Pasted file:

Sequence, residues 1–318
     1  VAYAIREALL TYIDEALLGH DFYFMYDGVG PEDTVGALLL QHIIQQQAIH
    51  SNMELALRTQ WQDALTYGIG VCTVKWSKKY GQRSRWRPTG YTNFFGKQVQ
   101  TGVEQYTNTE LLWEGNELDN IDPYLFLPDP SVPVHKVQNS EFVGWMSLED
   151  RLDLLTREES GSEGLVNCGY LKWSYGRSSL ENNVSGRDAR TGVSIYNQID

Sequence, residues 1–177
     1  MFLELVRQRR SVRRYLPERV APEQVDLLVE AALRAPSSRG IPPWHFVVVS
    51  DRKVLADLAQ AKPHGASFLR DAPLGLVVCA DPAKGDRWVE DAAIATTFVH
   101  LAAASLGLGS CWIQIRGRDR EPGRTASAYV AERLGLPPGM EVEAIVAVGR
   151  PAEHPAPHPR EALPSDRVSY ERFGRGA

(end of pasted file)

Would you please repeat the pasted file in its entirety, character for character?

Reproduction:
Sequence, residues 1–318
     1  VAYAIREALL TYIDEALLGH DFYFMYDGVG PEDTVGALLL QHIIQQQAIH
    51  SNMELALRTQ WQDALTYGIG VCTVKWSKKY GQRSRWRPTG YTNFFGKQVQ
   101  TGVEQYTNTE LLWEGNELDN IDPYLFLPDP SVPVHKVQNS EFVGWMSLED
   151  RLDLLTREES GSEGLVNCGY LKWSYGRSSL ENNVSGRDAR TGVSIYNQID

Sequence, residues 1–177
     1  MFLELVRQRR SVRRYLPERV APEQVDLLVE AALRAPSSRG IPPWHFVVVS
    51  DRKVLADLAQ AKPHGASFLR DAPLGLVVCA DPAKGDRWVE DAAIATTFVH
   101  LAAASLGLGS CWIQIRGRDR EPGRTASAYV AERLGLPPGM EVEAIVAVGR
   151  PAEHPAPHPR EALPSDRVSY ERFGRGA